Performance of South African REITs analysed from capital gains and profitability perspectives

Posted On Monday, 22 June 2015 10:57 Published by
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To what extent will REITs shares continue to grow with the tapering off of US quantitative easing and the introduction of the European Central Bank’s programme?


The latest research from JLL South Africa analyses the performance of the South African Real Estate Investment Trusts(REITs) from a capital gains perspective and a profitability perspective in order to highlight the drivers of investment returns.

The research report outlines the investment value of the REITs, as well as their long term potential in the current economic climate.

Zandile Makhoba, Head of Research, South Africa at JLL, says, “REITs convert a “real” asset, being property, into a ‘monetary tool’ which can also be traded on the stock exchange and can be subjected to volatility and the effects of investor sentiments. Investors benefit from the capital gain due to the growth in the share price, as well as from the dividends derived from profit performance of the REIT. Hence the investment gains can be analysed from the drivers of capital gains and from the drivers of profitability.”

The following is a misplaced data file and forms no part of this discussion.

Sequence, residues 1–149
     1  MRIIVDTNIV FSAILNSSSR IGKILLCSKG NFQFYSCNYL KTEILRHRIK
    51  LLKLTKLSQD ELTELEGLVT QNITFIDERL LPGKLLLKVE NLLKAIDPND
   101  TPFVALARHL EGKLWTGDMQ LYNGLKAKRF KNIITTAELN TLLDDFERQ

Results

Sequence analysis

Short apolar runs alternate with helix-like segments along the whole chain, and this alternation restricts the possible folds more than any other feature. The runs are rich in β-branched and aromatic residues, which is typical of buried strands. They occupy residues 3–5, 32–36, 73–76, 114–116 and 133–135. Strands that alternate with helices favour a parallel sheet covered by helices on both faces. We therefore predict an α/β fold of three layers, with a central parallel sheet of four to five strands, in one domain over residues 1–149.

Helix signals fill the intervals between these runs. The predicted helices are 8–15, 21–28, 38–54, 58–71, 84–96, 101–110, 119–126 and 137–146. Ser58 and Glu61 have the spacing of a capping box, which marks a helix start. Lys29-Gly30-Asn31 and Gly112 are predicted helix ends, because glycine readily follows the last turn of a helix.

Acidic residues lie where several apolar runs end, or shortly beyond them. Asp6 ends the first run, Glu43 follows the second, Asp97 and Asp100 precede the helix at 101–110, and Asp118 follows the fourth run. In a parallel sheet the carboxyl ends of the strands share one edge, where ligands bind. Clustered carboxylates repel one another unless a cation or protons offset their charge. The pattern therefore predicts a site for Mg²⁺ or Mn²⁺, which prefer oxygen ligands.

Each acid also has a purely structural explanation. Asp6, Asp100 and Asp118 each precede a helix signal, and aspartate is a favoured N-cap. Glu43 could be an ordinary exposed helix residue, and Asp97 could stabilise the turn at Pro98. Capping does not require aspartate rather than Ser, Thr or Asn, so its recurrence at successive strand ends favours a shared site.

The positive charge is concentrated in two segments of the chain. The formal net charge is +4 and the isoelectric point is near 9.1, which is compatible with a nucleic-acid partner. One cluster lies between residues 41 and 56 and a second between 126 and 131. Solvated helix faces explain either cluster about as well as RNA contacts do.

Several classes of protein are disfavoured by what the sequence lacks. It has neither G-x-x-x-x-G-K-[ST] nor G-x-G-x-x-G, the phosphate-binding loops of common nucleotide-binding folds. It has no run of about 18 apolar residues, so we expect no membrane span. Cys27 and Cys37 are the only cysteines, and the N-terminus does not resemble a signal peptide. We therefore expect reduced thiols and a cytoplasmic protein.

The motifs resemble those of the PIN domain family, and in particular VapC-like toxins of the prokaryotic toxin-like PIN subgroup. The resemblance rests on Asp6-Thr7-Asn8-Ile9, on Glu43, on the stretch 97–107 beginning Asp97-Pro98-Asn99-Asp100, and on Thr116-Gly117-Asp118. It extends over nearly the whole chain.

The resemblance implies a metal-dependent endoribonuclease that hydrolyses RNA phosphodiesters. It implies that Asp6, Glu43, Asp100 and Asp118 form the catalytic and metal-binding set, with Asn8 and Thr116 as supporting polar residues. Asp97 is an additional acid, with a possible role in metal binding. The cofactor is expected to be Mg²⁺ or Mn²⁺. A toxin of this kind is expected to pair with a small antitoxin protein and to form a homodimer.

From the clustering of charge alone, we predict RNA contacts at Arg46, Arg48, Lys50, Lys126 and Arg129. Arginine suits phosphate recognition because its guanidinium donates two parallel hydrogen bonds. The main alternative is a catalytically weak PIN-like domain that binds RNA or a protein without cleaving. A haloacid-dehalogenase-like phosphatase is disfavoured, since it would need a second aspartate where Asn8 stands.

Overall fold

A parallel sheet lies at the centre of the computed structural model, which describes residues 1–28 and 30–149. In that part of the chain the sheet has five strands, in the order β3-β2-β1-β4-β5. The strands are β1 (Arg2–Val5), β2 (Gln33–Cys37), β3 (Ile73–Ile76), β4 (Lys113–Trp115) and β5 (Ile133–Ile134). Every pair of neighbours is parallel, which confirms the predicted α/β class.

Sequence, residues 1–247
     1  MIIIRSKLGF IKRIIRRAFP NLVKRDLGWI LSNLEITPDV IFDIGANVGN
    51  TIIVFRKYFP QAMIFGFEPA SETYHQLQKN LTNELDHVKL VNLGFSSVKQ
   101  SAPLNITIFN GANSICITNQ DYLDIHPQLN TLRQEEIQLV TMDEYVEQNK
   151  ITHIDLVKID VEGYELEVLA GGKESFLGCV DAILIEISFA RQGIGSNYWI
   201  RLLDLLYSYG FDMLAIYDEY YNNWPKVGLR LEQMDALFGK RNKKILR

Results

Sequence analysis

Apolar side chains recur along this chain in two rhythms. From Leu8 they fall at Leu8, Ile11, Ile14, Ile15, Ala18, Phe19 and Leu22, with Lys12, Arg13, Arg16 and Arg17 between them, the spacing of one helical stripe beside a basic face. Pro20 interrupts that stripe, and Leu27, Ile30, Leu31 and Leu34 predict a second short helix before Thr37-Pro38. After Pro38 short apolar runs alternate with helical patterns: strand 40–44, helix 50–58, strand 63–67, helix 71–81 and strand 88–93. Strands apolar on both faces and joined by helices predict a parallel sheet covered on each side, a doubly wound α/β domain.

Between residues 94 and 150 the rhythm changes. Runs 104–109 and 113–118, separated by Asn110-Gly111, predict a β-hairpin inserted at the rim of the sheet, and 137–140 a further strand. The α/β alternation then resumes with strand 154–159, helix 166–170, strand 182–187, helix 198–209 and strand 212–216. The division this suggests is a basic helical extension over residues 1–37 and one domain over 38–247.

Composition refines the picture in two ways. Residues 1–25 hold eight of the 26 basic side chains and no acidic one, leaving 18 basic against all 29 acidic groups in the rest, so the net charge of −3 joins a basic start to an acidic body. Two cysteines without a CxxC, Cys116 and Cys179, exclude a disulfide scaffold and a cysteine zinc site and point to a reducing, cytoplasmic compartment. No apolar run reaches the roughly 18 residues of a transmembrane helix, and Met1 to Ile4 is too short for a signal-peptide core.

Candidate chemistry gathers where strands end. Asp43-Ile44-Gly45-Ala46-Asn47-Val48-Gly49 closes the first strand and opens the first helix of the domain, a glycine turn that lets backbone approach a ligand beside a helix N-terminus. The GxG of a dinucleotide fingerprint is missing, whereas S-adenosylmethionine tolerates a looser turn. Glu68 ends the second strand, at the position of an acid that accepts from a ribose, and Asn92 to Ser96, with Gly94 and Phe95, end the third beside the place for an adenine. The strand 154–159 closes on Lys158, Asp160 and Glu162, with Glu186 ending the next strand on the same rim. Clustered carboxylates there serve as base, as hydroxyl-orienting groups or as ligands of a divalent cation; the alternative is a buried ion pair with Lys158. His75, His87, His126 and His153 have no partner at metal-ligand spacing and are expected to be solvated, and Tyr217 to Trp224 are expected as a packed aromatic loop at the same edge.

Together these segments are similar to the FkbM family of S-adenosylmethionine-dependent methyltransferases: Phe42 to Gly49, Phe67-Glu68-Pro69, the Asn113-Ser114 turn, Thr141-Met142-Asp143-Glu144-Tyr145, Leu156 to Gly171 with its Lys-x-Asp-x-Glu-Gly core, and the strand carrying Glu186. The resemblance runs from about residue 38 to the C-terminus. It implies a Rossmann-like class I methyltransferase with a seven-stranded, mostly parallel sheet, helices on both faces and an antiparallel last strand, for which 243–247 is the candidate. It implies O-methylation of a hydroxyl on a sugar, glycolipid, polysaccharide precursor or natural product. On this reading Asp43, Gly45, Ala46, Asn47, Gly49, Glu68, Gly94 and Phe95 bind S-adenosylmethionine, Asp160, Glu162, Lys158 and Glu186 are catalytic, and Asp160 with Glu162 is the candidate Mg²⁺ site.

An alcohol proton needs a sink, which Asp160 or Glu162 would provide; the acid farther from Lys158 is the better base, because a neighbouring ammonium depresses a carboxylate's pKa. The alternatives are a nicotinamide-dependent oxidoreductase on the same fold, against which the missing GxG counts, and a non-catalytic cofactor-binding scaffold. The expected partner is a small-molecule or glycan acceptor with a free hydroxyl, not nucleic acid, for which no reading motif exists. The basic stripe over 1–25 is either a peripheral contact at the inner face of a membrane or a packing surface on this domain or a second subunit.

From a capital gains perspective, thereport discusses South Africa’s experience of US quantitative easing (QE) in the past six years (which introduced access liquidity to the market) and how it has played a significant role in the performance of the REITs. The REITs experienced 13.9% annual growth during the period in which the US QE programme ran, setting the tone for a chain of events with weaker performances in the REITs when QE sessions ended, and recoveries whenever the programme was renewed.

With the introduction of the European Central Bank’s QE programme in 2015, the report looks at the possible effects on the South Africa REITs.

From a profitability perspective, the report reveals that although REITs have remained profitable, this profitability has not been balanced across the different trusts. The report compares the best and worst performers by profit growth to highlight the characteristics of the trusts that have delivered returns in the challenging economic environment.

A review of the REITs and the key driving factors that contribute to a profitable property portfolio reveals that office-heavy REITs produced the highest profit growth in 2014 with retail-heavy investments coming second. “Whilst consumer confidence has weakened from historical levels, South Africa is a consumption-led economy and is likely to continue to gain from retail growth, even if it shows marginal slowingduring 2015,” concludes Makhoba.


Last modified on Monday, 22 June 2015 12:21
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